"Being In the Other Boat"

When we hear the story told in Mark 4:35-41, we usually focus on Jesus having mastery over nature--which would make sense, since it was through him as the pre-existent Word that nature was created.  Or we focus on the two-part question he asked the disciples, "Why are you afraid? Have you still no faith?" and wonder about our own faith when life gets stormy.  These are the two most obvious takeaways; these are what jump out at us.  These two points are hard to miss.

The beauty of the Scriptures, however—and to me, a big part of what describing them as “inspired” means-- is that no matter how many times you read a passage (and some of us have been reading the Bible for a bunch of years) something else can jump out at you at any time.  And this time it was this, in verse 36, the last part: "Other boats were with him".   Other boats. 

I never noticed in this story that there were other boats. 

Wonder what it was like for the people in those other boats?  They were certainly caught in the same storm as the boat that the disciples were in with Jesus.  Who did they cry out to?  Who could they wake up who would fix everything?  Who could be with them, supporting them, helping them believe, challenging them to have faith that “all shall be well, and all shall be well, and all manner of thing shall be well” (as Julian of Norwich affirmed)? 

It is easy to pick on the disciples for their lack of faith—they had Jesus with them ALL THE TIME for those three years, not only right there and then in that boat.  We all too often feel like we are in one of those other boats, and we don’t have Jesus with us.  Yes, we are often afraid, and yes, we often lack faith.  Life is stormy, challenging, dangerous, painful, unfair and grief-laden. And because life is all of those things, we sometimes wear our fear and lack of faith as a badge of honor, as proof of our nobility—after all, we don’t have Jesus in our boat.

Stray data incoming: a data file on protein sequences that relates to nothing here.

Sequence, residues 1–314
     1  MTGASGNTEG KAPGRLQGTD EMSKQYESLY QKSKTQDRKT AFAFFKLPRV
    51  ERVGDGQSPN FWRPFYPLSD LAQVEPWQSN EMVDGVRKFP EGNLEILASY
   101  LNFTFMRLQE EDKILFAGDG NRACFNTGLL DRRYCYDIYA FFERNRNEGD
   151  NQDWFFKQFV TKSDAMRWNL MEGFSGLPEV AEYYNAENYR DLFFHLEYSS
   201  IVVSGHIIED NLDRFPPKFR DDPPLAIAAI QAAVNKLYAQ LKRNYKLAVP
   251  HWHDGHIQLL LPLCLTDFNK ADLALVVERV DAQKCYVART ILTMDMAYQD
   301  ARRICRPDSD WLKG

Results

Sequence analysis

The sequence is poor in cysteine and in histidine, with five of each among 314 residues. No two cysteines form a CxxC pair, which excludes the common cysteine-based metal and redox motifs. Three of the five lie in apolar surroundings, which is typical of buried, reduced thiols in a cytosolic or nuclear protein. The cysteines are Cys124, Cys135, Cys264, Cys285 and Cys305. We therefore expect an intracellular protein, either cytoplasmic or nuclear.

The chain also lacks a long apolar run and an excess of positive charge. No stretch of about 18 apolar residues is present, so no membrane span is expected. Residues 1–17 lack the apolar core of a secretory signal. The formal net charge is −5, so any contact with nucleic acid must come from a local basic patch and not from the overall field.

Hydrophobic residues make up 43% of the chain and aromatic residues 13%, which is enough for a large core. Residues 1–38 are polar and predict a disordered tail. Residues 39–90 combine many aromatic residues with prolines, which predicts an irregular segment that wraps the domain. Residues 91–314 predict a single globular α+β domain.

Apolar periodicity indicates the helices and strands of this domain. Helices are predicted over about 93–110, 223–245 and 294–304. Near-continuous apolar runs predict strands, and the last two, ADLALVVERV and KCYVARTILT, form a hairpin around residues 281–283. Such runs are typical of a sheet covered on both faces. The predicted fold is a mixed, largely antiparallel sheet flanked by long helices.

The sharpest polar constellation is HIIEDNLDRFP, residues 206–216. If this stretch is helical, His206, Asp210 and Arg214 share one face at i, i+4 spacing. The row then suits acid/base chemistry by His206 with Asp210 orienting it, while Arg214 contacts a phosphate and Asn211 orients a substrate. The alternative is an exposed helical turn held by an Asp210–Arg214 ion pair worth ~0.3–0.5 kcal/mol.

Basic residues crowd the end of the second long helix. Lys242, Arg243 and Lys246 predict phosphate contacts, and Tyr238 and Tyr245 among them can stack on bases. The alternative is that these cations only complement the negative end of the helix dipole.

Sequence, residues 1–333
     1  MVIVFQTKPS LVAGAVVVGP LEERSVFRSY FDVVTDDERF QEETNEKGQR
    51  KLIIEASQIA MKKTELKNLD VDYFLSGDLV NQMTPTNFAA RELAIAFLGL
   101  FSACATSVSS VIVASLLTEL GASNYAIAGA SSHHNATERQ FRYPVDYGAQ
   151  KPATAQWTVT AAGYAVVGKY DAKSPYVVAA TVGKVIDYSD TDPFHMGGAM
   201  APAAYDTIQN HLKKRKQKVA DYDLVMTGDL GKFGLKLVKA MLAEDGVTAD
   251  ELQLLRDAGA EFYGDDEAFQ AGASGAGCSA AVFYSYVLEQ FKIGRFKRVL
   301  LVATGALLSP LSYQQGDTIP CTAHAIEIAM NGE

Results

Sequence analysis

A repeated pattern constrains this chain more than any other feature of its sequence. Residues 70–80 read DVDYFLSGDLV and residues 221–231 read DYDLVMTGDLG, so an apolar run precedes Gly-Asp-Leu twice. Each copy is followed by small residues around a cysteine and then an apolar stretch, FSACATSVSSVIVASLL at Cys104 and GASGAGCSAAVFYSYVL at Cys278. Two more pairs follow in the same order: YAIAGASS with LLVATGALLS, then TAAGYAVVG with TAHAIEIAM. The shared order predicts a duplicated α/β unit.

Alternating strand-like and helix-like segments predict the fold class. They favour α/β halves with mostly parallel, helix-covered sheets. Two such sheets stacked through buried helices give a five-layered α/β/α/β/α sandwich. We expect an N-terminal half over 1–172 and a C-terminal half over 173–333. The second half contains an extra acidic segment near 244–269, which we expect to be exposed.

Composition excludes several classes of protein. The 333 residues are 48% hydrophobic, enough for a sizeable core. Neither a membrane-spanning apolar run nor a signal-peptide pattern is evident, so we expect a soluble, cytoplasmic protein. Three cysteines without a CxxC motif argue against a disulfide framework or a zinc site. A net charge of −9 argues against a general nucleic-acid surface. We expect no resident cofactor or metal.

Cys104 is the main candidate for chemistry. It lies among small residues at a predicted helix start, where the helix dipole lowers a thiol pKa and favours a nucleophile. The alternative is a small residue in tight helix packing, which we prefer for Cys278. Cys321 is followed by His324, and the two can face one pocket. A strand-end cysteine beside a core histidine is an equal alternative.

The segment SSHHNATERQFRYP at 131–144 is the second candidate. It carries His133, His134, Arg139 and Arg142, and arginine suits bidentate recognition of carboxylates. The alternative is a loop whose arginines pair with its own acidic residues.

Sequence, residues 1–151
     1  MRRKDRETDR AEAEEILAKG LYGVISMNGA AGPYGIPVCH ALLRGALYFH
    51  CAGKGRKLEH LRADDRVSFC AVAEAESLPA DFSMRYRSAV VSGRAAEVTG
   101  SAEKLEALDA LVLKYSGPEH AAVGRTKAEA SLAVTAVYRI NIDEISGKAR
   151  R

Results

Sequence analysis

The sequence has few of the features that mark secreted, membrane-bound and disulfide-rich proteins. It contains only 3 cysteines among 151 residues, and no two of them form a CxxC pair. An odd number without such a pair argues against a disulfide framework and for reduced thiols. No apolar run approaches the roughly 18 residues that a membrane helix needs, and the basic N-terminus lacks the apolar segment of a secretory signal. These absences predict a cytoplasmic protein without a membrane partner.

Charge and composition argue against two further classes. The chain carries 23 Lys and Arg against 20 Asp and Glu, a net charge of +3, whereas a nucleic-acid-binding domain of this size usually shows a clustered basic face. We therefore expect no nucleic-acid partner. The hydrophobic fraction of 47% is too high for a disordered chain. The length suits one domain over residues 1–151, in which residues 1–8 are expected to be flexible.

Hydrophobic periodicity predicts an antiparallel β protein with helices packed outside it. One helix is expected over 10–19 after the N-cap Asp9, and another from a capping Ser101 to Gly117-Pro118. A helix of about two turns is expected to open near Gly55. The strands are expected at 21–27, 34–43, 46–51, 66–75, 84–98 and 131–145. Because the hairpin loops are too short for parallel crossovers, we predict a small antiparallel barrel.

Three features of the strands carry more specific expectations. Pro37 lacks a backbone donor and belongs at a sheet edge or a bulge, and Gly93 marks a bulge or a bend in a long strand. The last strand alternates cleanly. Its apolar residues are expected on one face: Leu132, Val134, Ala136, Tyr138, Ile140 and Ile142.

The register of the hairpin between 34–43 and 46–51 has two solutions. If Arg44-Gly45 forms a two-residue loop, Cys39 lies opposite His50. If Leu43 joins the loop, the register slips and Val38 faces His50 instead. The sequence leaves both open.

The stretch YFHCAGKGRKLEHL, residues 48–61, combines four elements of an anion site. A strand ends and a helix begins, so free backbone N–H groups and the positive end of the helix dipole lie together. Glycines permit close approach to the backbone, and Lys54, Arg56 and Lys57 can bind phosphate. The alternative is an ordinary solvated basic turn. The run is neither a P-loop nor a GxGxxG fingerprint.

Except . .  we do. We DO have Jesus in the boat. And even if it doesn’t seem like Jesus is in the boat, notice that when Jesus stilled the storm from that boat, it didn’t stay stormy for the other boats! Even if we don’t sense Jesus’ presence, Jesus is still calming storms. That same Julian of Norwich, who lived in the 1300s as the plagues were killing people left and right in a matter of hours, affirmed that "[God] did not say 'You shall not be tempest-tossed' . . . ; 'But he did say 'You shall not be overcome.' God wants us to heed these words so that we shall always be strong in trust, both in sorrow and in joy."   

And remember (with apologies for the non-inclusive language), “fellowship is two fellows in the same ship”.  We truly are not alone, either when we cry out, or when Jesus answers.

GOSPEL     Mark 4:35-41

35 On that day, when evening had come, he said to them, ‘Let us go across to the other side.’ 36 And leaving the crowd behind, they took him with them in the boat, just as he was. Other boats were with him. 37 A great gale arose, and the waves beat into the boat, so that the boat was already being swamped. 38 But he was in the stern, asleep on the cushion; and they woke him up and said to him, ‘Teacher, do you not care that we are perishing?’ 39 He woke up and rebuked the wind, and said to the sea, ‘Peace! Be still!’ Then the wind ceased, and there was a dead calm. 40 He said to them, ‘Why are you afraid? Have you still no faith?’41 And they were filled with great awe and said to one another, ‘Who then is this, that even the wind and the sea obey him?’